Back up the partitions with PartImage (start it by typing in terminal >partimage). It is pretty straightforward, fast, and easy thing to do. The partitions were backed on an external WDPassport drive which was mounted at /media/WDPassport120/ via a regular USB port. The good thing about PartImage is that it backs up only the used space, which can be compressed (default options in ParImage).

  • Master Boot Record (MBR) and partition tables

The images of the partitions are more or less useless in case the master boot record is changed/damaged and respectively the partition tables are changed.

    • First, we will save the MBR with the linux DD tool. In terminal:

>cd /media/some-external-USB-device-folder

>dd if=/dev/sda of=backup-sda.mbr count=1 bs=512

It will produce a very small, but very important file: 512 bytes of data. For more information see here

    • Now, we will save the partition tables. In terminal:

>sfdisk -d /dev/sda > backup-sda.sf

sfdisk is a tool provided with the linux package.

Disclaimer: I have not tried to recover the original Lenovo partition installation from the backed partitions described above.

Install Ubuntu 11.04

Install Ubuntu 11.04 from a bootable USB - straight forward and easy without any glitches.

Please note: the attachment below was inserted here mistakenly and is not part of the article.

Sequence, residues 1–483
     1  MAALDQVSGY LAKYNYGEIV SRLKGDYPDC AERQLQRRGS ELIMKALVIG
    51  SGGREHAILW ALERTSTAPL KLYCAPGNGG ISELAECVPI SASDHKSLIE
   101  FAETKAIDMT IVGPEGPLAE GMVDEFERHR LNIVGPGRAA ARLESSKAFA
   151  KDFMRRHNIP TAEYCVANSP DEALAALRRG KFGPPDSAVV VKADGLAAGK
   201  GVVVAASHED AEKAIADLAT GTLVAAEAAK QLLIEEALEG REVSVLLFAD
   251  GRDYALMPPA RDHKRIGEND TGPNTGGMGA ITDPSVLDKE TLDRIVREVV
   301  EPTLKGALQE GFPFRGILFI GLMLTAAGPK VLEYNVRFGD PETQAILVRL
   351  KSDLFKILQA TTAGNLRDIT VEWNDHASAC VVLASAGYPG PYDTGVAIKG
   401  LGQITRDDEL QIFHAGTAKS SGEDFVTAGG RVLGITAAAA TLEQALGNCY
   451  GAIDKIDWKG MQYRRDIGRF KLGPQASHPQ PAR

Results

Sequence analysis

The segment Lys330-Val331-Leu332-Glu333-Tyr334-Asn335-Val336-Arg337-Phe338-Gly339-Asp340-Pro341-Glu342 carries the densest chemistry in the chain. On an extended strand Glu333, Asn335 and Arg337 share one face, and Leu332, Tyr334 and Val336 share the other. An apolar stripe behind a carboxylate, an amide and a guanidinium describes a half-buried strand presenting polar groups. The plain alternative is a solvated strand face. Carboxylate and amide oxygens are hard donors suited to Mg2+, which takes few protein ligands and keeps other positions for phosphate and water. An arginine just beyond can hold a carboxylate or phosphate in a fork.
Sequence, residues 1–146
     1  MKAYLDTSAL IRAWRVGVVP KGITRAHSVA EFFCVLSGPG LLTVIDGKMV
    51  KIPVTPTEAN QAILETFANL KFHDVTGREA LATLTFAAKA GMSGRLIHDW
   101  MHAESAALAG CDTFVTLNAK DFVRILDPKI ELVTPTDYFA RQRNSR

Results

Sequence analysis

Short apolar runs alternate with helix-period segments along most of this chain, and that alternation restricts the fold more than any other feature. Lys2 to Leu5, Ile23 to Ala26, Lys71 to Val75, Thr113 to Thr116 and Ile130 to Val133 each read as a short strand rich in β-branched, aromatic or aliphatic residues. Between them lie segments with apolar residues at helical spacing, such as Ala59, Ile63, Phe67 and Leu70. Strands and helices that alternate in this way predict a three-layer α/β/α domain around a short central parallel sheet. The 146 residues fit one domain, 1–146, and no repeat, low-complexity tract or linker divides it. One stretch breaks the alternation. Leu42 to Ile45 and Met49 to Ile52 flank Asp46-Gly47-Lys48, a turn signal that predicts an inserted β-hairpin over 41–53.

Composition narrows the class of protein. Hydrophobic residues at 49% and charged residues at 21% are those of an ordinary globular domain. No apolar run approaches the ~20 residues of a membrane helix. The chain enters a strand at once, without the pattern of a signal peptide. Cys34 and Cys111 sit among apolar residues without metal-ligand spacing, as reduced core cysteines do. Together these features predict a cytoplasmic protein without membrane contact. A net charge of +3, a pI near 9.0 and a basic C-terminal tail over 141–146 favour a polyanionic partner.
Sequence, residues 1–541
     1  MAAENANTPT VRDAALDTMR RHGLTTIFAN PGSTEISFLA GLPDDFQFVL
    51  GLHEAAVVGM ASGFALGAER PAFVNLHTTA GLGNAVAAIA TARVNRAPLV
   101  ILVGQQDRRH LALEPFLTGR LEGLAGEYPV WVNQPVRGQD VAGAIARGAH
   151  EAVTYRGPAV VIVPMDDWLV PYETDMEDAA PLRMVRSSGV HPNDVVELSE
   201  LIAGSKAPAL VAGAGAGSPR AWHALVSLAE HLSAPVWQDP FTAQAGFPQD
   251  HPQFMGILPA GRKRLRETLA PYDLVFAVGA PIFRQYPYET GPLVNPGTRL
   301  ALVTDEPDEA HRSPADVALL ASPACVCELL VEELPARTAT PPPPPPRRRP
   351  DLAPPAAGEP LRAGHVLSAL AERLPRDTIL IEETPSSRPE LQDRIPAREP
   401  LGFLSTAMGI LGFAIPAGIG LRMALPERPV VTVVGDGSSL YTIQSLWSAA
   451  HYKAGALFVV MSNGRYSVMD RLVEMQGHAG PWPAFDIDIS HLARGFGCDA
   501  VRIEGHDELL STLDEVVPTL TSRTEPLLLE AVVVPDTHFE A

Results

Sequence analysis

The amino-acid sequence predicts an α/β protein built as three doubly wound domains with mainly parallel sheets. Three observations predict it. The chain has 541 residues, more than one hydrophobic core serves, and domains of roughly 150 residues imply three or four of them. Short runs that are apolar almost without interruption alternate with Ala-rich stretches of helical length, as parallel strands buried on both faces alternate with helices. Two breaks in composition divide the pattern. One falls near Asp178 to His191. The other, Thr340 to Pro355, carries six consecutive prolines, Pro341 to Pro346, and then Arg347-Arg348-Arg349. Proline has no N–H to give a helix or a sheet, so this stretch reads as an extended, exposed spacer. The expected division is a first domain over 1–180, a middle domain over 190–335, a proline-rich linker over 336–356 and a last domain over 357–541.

What works out of the box


Processor Yes - showing 4 CPUs
Screen Yes
camera Yes
microphone Yes
Sound Yes
Bluetooth Yes
Memory Yes
Video Card Yes
Keyboard Yes
TouchPad Yes
TouchPad Keys Yes
TrackPad Yes
FingerReader Yes (requires installation of extra packages - see below)
Hard Drive Yes
Modem not tested
Flash Card Reader Yes
Battery Yes
Wireless Yes
Wired Internet Yes
External Monitor Yes

Fingerprint Reader

There are apparently two ways to activate the Fingerprint Reader with 1) ThinkFinger ( from Synaptic) and 2) Fprint from here (fprint is also in Synaptic but something is missing). Long story short (kinda):

Quick installation guide

1. You should be running Ubuntu 10.04, 11.04, 11.04, or any derivative thereof. Packages for Ubuntu 9.10 are also available, but you won't be able to avoid one minor annoyance (see known issue 2 below).

2. You need to have a supported fingerprint reader. See the list at You may ignore columns Vendor and Product, only look at USB Vendor ID and USB Product ID. You can find out your reader's IDs with the lsusb command, the sixth column of which has the form of xxxx:yyyy, where xxxx is the Vendor ID and yyyy the Product ID. Another supported device, not listed at the above website, is 147e:1000.

3. Add this PPA to your sources:

>sudo add-apt-repository ppa:fingerprint/fprint

>sudo apt-get update

>sudo apt-get upgrade

3. Install fprint-demo (the version from standard Ubuntu archive is obsolete).

>sudo apt-get install libfprint0 fprint-demo

4. Go to Applications > Accessories > fprint project demo and check that you can enroll and verify your fingerprints and that your reader is indeed supported.

5. Install libpam-fprintd (not to be confused with libpam-fprint, the final “d” is crucial).

>sudo apt-get install libpam-fprintd